There are often similarities in plot. Some people make it obvious and acknowledge the source of their inspiration. "West Side Story," for example, is Romeo and Juliet set in New York City in the 1950s. Some authors steal unintentionally when they should know better. The plot in Woody Allen's "Small Time Crooks" (2000) is nearly identical to the plot in the 1942 Edward G. Robinson comedy "Larceny, Inc.," although Allen has never acknowledged that and no one has sued.
Now let me discuss the law. The U.S. copyright laws are codified at vol. 17 of the United States Code (U.S.C.) §§ 101 et seq. In a copyright infringement case, the plaintiff must show: "(i) ownership of a valid copyright; and (ii) unauthorized copying of the copyrighted work.” Jorgensen v. Epic/Sony Records, 351 F.3d 46, 51 (2d Cir.2003). "To satisfy the second element of an infringement claim—the ‘unauthorized copying’ element—a plaintiff must show both that his work was actually copied and that the portion copied amounts to an improper or unlawful appropriation." Id.
Direct evidence of copying is seldom available, so the case law allows a plaintiff to establish copying circumstantially by demonstrating that the defendant accused of copying "had access to the copyrighted material, ... and that there are similarities between the two works that are probative of copying.” Id. However, a showing of similarities between the two works, coupled with access, does not necessarily prove copying because there would still be insufficient evidence of unlawful appropriation. A Slice of Pie Prods., LLC v. Wayans Bros. Entm't, 487 F. Supp. 2d 41, 47 (D. Conn. 2007).
To prove "unlawful appropriation" the plaintiff must show the existence of a “substantial similarity of protectible material in the two works,” with substantial similarity turning on “whether, in the eyes of the average lay observer, the [allegedly infringing work] [is] substantially similar to the protectible expression in the [allegedly infringed work].” Williams v. Crichton, 84 F.3d 581, 587 (2d Cir.1996). To determine substantial similarity, the Court or jury “examine[s] the similarities in such aspects as the total concept and feel, theme, characters, plot, sequence, pace, and setting.” Williams, 84 F.3d at 588.
What a copyright owner can't sue you for copying are such things as “scenes a faire, sequences of events that ‘necessarily result from the choice of a setting or situation," ‘stock’ themes commonly linked to a particular genre, and ideas, because “a copyright does not protect an idea, but only the expression of an idea,” A Slice of Pie Prods., 487 F. Supp. at 47 (citations omitted).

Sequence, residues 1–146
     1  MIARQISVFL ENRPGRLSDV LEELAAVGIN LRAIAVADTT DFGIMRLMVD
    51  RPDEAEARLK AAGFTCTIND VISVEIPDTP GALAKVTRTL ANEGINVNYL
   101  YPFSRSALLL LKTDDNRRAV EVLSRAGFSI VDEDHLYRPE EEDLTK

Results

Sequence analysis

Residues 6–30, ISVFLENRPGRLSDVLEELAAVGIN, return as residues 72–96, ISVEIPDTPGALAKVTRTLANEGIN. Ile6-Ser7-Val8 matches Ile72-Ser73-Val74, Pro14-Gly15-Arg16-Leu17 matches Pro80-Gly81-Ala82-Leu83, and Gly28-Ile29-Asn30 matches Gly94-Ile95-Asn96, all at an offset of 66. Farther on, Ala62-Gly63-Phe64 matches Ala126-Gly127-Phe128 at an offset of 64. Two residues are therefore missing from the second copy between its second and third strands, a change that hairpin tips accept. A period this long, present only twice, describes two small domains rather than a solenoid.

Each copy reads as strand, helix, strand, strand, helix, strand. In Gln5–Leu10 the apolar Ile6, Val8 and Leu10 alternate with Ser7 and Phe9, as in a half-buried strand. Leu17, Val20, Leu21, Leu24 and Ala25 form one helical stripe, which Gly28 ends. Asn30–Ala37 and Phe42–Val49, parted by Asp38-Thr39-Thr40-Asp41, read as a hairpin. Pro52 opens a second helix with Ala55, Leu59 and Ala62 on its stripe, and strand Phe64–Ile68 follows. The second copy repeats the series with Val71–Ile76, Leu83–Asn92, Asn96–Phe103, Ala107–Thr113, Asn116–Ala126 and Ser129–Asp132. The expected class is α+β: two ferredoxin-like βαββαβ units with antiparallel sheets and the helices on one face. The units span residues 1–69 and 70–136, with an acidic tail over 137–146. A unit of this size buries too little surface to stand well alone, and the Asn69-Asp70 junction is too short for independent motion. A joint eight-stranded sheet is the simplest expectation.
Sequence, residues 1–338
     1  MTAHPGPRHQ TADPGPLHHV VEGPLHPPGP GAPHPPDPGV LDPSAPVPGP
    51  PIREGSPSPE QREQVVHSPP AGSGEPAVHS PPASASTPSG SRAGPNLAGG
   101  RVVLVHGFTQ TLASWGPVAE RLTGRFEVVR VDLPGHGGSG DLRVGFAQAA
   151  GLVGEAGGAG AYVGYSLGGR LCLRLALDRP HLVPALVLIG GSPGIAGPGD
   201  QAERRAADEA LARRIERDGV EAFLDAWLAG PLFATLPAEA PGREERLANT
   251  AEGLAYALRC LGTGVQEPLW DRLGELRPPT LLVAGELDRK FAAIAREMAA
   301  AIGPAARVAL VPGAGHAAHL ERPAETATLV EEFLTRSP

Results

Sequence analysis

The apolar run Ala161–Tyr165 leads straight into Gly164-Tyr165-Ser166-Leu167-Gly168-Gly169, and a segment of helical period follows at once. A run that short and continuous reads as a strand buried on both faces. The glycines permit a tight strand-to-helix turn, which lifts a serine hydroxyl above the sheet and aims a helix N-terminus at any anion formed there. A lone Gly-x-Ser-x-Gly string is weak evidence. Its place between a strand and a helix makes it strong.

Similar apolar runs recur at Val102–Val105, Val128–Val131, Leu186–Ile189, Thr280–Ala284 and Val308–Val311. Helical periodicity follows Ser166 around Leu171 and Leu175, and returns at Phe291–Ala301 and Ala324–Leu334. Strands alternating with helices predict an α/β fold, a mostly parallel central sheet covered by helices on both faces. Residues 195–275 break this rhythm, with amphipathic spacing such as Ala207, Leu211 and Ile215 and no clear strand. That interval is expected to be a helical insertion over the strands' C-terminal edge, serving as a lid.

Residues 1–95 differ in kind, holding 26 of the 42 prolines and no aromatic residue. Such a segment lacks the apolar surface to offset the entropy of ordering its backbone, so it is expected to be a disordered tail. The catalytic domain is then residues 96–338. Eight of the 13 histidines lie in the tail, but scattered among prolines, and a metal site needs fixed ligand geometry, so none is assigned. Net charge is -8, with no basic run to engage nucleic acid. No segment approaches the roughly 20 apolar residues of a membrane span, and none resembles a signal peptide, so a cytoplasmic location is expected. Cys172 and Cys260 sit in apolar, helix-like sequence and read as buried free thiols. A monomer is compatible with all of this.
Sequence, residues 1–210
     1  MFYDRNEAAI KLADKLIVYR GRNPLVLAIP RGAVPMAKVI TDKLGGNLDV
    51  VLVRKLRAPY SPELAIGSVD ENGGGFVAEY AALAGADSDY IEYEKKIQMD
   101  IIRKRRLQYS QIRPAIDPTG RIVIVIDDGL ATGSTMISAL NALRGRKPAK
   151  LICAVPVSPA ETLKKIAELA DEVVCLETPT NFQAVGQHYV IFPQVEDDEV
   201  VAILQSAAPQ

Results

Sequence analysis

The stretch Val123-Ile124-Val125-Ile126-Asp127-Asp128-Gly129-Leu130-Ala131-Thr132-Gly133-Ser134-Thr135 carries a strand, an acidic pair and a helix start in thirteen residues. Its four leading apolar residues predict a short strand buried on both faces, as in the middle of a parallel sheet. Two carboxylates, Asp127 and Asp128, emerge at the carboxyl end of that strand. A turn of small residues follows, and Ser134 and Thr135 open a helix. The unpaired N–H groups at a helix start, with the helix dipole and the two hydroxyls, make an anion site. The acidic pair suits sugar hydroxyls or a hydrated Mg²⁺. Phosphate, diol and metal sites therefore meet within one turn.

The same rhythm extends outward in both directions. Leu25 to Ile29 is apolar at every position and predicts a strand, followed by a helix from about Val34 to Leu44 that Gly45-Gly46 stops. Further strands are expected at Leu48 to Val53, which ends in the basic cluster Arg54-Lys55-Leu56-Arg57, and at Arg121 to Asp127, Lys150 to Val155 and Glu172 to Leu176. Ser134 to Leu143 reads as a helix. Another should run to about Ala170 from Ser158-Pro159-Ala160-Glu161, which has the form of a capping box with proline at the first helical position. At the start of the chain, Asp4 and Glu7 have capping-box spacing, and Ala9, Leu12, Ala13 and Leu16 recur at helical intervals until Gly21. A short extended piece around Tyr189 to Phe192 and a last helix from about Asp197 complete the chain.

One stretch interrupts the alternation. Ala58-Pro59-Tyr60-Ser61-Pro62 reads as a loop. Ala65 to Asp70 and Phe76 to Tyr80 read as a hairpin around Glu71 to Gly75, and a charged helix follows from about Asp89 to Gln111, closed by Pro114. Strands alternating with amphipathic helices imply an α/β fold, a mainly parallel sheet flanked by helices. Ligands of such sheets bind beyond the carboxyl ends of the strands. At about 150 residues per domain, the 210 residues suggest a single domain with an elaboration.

In sum: If you read anything that is like the work you are writing, be careful. You can adopt the idea (e.g. war is hell, power corrupts, etc.) or the stock theme (e.g. lovers who are forbidden to each other by their families) If you get sued, a legitimate defense is that you never heard of the plaintiff's work.
With that in mind, recognize that George Harrison's song "My Sweet Lord" was found to be substantially similar to the 1962 Chiffon's hit, "He's So Fine," and Harrison admitted that he was familiar with the song.
The Beach Boys' brilliant composer, Brian Wilson, however, now admits that "Surfin' USA" was written as an homage to Chuck Berry. "I just took 'Sweet Little Sixteen' and rewrote it into something of our own," he told the Los Angeles Times. Wilson's problem is that his version is substantially similar to "Sweet Little Sixteen," so much so that Wilson often slips in Berry's lyrics when singing "Surfin' USA" in concert. Id.
If you try to write something "in the style" of another author, be very very careful. It is a jury that decides whether your work is substantially similar to the plaintiff's work, and sometimes their decision may not exactly be "substantially similar" to the boundaries drawn in copyright law. I personally didn't think that "Blurred Lines" was substantially similar to Marvin Gaye's "Got to Give it Up," aside from the party-type atmosphere, which shouldn't be a protected aspect of the song. But a jury thought otherwise. Fortunately, a jury verdict is not precedential or controlling beyond that case.